Mountains, Moorlands and Heath: These habitats constitute about 18% of UK land area but provide 70% of UK drinking water, hold 40% of UK soil carbon, and offer iconic landscapes highly prized by the public. In Northern Ireland (NI) these habitats constitute 16.5% of the land (in Scotland it is 43.6%), mostly of blanket bog, with peat as an energy source, and uplands for low intensity livestock grazing, as well as the scenic and recreational values.
Semi-natural Grasslands: Less than 2% of UK land is covered by such habitat and this represents a significant reduction from the past. Its primary value is cultural and aesthetic, as in the South Downs chalk downland that receive 40 million visitor days a year.
Enclosed Farmlands: About 40% of UK lands are farmlands with 50% arable and 50% enriched grassland, producing 70% of UK food from mainly cereal, cattle and sheep. As noted above, intensification of farming has led to loss of other habitats and species diversity. In NI, 44% of the land is farmland where grain is a major product used primarily for feedstock rather than for human consumption. Farming adds 23% of GHG emissions in NI, in the form of methane and nitrous oxide.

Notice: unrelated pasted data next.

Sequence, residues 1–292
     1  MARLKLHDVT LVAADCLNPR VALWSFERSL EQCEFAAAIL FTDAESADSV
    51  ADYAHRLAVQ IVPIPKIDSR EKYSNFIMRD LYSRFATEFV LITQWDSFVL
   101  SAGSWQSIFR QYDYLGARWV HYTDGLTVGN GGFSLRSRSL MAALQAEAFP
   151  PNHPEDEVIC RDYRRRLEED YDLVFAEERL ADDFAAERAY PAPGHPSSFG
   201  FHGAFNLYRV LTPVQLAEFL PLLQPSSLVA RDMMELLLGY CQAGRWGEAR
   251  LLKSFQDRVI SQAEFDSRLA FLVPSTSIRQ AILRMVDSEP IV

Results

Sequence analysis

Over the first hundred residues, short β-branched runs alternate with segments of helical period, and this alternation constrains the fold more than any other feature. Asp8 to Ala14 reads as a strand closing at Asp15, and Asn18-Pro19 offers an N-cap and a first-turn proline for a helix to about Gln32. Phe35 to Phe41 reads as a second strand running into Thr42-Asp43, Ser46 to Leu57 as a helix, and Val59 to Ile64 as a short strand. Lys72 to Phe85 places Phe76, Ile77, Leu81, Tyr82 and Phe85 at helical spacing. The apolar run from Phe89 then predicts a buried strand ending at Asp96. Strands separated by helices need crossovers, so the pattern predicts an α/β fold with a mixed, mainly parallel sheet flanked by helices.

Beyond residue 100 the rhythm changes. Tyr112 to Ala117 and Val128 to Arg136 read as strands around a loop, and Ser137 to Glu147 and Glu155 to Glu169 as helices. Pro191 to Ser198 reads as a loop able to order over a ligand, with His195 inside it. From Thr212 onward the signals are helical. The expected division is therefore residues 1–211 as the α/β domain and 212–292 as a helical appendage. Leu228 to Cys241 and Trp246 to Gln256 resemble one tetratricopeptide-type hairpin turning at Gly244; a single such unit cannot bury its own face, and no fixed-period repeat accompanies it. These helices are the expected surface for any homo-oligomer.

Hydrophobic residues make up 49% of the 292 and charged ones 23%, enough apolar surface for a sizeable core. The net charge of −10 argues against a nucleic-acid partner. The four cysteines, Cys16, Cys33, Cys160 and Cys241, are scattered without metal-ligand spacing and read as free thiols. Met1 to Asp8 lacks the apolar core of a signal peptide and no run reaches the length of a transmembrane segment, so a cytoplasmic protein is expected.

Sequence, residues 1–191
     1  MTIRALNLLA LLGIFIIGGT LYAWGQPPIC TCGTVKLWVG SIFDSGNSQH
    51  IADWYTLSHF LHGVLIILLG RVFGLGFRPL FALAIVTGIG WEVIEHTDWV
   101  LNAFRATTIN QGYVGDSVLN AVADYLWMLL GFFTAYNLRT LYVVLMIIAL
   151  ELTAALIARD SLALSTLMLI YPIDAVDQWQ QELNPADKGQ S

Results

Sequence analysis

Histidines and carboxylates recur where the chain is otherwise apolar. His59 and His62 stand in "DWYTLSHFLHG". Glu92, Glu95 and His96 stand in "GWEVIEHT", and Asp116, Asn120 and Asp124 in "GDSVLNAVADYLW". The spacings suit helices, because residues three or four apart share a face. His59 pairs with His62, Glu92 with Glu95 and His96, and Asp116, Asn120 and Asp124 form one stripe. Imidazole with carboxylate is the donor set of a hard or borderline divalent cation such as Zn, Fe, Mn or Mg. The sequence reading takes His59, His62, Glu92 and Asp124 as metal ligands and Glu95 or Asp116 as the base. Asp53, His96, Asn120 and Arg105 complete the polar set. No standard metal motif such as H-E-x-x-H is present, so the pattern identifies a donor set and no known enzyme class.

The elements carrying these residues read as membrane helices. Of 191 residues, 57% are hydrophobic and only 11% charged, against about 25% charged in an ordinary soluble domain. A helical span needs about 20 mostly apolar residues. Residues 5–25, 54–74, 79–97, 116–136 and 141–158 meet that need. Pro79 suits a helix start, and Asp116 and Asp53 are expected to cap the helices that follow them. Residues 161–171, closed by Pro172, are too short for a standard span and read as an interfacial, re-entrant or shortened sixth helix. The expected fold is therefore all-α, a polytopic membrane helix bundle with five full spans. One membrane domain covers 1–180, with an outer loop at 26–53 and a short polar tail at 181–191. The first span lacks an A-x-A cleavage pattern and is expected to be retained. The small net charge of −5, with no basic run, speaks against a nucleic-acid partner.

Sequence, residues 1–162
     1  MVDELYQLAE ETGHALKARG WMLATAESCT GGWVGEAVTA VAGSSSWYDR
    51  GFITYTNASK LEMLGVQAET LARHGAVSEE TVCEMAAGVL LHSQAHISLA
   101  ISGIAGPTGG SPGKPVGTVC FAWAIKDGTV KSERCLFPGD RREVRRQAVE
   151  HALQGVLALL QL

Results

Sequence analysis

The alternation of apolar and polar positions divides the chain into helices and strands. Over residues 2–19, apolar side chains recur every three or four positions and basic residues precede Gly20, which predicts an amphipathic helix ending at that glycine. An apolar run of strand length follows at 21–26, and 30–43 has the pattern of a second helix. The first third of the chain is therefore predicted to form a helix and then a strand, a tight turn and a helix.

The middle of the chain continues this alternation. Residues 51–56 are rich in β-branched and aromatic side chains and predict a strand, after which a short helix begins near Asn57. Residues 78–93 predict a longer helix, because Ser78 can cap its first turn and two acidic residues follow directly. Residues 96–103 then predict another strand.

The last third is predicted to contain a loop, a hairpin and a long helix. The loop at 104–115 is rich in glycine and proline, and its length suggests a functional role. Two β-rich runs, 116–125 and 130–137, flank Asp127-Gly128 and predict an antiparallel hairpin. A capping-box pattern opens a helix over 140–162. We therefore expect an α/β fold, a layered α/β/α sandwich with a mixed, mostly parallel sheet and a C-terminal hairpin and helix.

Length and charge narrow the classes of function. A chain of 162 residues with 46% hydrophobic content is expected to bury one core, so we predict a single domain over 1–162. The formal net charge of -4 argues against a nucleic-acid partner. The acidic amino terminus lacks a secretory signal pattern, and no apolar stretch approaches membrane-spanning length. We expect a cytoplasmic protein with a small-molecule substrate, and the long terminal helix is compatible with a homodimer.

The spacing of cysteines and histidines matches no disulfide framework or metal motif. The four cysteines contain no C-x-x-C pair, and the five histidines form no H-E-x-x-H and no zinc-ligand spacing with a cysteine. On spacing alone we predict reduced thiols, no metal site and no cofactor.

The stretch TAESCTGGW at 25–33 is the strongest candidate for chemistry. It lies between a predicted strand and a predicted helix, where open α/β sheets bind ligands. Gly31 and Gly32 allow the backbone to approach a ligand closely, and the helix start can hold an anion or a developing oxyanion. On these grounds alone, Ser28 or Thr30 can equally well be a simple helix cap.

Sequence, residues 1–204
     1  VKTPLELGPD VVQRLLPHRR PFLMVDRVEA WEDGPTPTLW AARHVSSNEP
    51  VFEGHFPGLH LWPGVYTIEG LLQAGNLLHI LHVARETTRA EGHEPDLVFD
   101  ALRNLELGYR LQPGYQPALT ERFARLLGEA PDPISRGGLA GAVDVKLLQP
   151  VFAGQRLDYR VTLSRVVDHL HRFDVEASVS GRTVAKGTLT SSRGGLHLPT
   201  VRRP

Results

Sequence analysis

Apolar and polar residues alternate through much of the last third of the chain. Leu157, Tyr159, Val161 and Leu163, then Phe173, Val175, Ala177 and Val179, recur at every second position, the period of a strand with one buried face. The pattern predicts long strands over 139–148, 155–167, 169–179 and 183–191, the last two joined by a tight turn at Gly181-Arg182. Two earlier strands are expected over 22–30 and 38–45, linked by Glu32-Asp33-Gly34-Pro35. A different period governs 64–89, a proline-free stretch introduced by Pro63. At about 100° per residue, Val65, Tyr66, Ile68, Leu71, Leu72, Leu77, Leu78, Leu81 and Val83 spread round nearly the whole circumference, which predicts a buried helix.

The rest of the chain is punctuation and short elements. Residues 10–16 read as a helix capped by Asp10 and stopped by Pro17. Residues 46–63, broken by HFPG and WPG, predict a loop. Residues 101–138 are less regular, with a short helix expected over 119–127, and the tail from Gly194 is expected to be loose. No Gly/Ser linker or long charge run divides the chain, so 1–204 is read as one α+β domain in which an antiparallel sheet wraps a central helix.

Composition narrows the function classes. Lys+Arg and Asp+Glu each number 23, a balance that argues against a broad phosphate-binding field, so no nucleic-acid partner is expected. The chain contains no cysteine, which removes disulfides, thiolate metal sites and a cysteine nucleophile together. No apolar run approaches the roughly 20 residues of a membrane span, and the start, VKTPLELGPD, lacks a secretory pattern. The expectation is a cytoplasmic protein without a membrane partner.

Woodlands: This habitat has doubled since 1940s and constitutes 12% of UK land. The UK is one of the least wooded in Europe and what exists is dominated by recent plantings of non-native coniferous trees. In NI it constitutes 10% of the land (17% in Scotland), mainly with Sitka spruce, and only 0.04% is ancient woods. The services provided include timber, recreation, carbon storage, and biodiversity. In NI the timber is used most often for pallets, packaging and fencing.
Freshwaters: Only 1.3% of the land area is covered by freshwater, whereas in NI it is 5%, the highest in the UK and mainly comprised of large lakes. In NI the freshwaters provide 98% of drinking water, as well as food, recreation, biodiversity, and flood control.
Urban: As noted above, 80% of the population in the UK live in cities and large towns yet this habitat covers only 7% of the land. Density is at 398 people per square kilometer and the inhabitants depend largely on other habitats for their ecosystem services. In NI, 3.4% of the land is urban and 65% of the people live there with a density of 120/km2. This habitat has the most people making the biggest demands on the other habitats for their services.